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How to maximise your ecommerce profits

The ecommerce world is a large, perpetually changing jungle. As a business owner, it is easy to get lost in a constant barrage of information. This article joins the fray, not to add to the convolution or uncertainty, but to provide accurate information on how to maximise ecommerce profits. If you take away nothing else from this article, you will at least learn that, for an online business to be successful, the focus must centre on your customer and the value you bring to them. If you do this well, the accounting bit becomes easy. Maximise your value and you will maximise your profits.

Know your customer intimately

The mass market is difficult to pierce and can be wasteful in terms of investing money. To maximise your product’s potential, understand the person it’s for. Otherwise you’re shooting in the dark. Opportunity lies in finding a neglected worldview and framing a story in a way that this audience will connect with. A customer’s worldview— their rules, values, beliefs and bias— is their lens. Knowing your target customer with razor sharp precision is essential. Seth Godin, a bestselling author and expert marketer, said that: “Real growth comes with products that annoy, offend: too cheap, too expensive, too heavy, too complicated, too simple, too something. Too too for some people is just perfect for others.”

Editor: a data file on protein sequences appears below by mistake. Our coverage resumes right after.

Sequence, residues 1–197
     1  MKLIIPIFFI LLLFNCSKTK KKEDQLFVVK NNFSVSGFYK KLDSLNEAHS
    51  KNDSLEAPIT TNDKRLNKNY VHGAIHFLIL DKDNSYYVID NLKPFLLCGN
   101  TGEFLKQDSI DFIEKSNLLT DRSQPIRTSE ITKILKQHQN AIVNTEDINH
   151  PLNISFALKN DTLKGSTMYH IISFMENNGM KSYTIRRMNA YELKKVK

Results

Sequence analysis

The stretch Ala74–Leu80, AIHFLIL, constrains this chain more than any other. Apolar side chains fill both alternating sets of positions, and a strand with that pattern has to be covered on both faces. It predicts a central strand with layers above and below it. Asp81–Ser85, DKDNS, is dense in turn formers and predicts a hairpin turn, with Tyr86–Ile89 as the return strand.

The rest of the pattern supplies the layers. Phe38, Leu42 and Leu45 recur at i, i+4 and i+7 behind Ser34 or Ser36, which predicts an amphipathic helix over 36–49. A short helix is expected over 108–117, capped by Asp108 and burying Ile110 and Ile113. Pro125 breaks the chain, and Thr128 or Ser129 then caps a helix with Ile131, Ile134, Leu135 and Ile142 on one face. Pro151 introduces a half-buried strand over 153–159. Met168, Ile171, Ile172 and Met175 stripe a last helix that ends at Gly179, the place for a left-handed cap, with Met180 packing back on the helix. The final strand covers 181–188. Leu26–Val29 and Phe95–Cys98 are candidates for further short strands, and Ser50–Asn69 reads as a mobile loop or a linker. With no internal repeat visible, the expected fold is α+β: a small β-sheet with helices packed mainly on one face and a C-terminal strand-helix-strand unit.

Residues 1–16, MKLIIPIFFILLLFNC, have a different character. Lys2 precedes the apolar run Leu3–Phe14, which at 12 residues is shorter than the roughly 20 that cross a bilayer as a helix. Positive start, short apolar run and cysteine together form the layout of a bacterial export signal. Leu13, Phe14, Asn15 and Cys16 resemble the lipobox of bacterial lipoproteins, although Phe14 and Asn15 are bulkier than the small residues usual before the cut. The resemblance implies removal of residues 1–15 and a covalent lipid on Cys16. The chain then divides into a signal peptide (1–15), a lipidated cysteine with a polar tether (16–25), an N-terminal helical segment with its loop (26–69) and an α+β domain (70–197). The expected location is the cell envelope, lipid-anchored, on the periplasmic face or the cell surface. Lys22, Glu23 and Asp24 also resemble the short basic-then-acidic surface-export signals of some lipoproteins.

If you’re building a brand, you need to make sure your product appeals to a very specific market. Having 1000 people who adore you is far better than having 10,000 who think you’re okay. Be comfortable that 99.9% of people will have never heard of you — that’s fine. Focusing on that 0.1% can increase your profits exponentially.

Provide efficient delivery

Don’t underestimate the power of competitive postage costs: it could be the quickest way to improve your conversion rate. One of the last hurdles the customer needs to jump before buying, making shipping free lowers this hurdle significantly. It is no surprise that almost 80% of consumers are more likely to convert when this is offered. Even if you can’t afford to remove delivery charges completely, lowering them could give you the edge over your competitors. Monitor their prices and make sure yours are less.

You can also be remarkable in your delivery times. Having a same-day delivery option is rare and will certainly be noticed by customers. If you’re a UK business, companies like CitySprint provide a priority courier service, ensuring a same-day delivery. It’s options like this that make your business extra-ordinary and give you the edge over competitors.

Go the extra mile to build rapport

A remarkable product is not always about the product itself. Of course, it’s helpful for this to be the case, but if it’s more of a commodity, there are other ways you can be memorable and stand-out from competitors.